Padmanabhapuram Palace

Padmanabhapuram Palace, once the capital state of Travancore situated 54 km from Thiruvananthapuram, this palace lies at the land's end of mainland India - Kanyakumari.

Padmanabhapuram Palace constructed in 14th Century, this ancient Kerla monument representing the indigenous architectural features especially in the traditional style of Southern Kerala. The palace was restructured in the 18th century, using granite in most of the parts of the fort, by Anizham Thirunal Marthanda Varma, King of Travancore, who named the palace Padmanabhapuram after the name of prime deity of Travancore, Lord Padmanabhaswamy.

The palace is situated in the centre of the Padmanabhapuram Fort with an area of 186 acres amidst hills, dales and rivers. All the buildings in it are elegantly designed and display simplicity of architectural style characterised by pointed gables, dormer windows and long corridors. The most noteworthy edifices are the Entrance Hall (Poomukham), the Council Chamber (Mantrasala), the Natakasala (Theatre Hall), the Pooja Mandapa (Place of worship), The Saraswathy Shrine and above all the Uppirikka Malika (Storeyed building) which contain well preserved mural paintings. The figures painted on the walls are mythological, masterly designed and are wonderfully fresh and unmutilated. They are really valuable artistic heritages of the past, unsurpassed in linear presentation and are full of charm, expression and meditative repose revealing a new world of enchanted riches.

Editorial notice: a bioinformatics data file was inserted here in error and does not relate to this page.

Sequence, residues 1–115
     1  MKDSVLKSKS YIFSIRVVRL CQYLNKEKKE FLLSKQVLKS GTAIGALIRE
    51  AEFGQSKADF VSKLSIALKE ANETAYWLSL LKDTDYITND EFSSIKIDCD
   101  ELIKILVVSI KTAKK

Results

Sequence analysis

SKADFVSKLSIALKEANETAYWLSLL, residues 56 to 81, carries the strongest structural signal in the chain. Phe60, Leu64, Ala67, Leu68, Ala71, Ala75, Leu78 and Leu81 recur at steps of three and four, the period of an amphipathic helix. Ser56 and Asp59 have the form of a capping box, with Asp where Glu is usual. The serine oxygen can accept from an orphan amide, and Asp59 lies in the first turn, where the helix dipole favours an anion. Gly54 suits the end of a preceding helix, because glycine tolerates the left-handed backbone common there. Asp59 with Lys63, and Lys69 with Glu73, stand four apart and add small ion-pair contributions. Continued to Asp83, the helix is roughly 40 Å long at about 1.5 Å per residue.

You would need to do a guided tour of the palace complex as it is massive with a maze of 108 rooms, each having its distinct style, mood and artistic expression. Typical Kerala brass oil lamp hanging from ornate teak, painted mahogany musical ceremonial bows adorning the walls and densely carved wooden ceilings further enhance the opulence of the rooms. The sheer size of the two-storied dining hall known locally as ‘oottupura’, where 2000 Brahmins were served lunch everyday, will leave you breathless. Curios at the Padmanabhapuram Palace range from royal chairs with Chinese carvings, Belgian mirrors in the ladies chambers, colorful murals of Lord Krishna, hanging brass oil lamps, hanging cages through which eagles mauled convicts to death, open-air bath area and the two hanging beds in the dressing room of the king’s sister.

Also peruse the collection at the palace archaeological museum housed in the first courtyard from the entrance. It is home to a world of antiques including furniture, coins, granite and rosewood sculptures, stone and copper plate inscriptions, swords, rifles, spears and shields among other ancient armaments. Today the traditional home of the Travancore royal family is maintained by Kerala Archaeological Department.